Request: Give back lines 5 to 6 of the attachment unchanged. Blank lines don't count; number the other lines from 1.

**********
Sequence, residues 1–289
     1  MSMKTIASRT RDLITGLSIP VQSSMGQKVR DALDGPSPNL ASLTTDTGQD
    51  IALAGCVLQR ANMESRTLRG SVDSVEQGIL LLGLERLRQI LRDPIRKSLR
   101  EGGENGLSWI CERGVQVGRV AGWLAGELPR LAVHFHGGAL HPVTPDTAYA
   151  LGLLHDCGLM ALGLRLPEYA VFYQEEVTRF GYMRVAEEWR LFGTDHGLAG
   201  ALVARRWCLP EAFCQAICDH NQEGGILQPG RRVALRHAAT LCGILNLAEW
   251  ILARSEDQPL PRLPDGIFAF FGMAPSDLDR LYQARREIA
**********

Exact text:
   151  LGLLHDCGLM ALGLRLPEYA VFYQEEVTRF GYMRVAEEWR LFGTDHGLAG
   201  ALVARRWCLP EAFCQAICDH NQEGGILQPG RRVALRHAAT LCGILNLAEW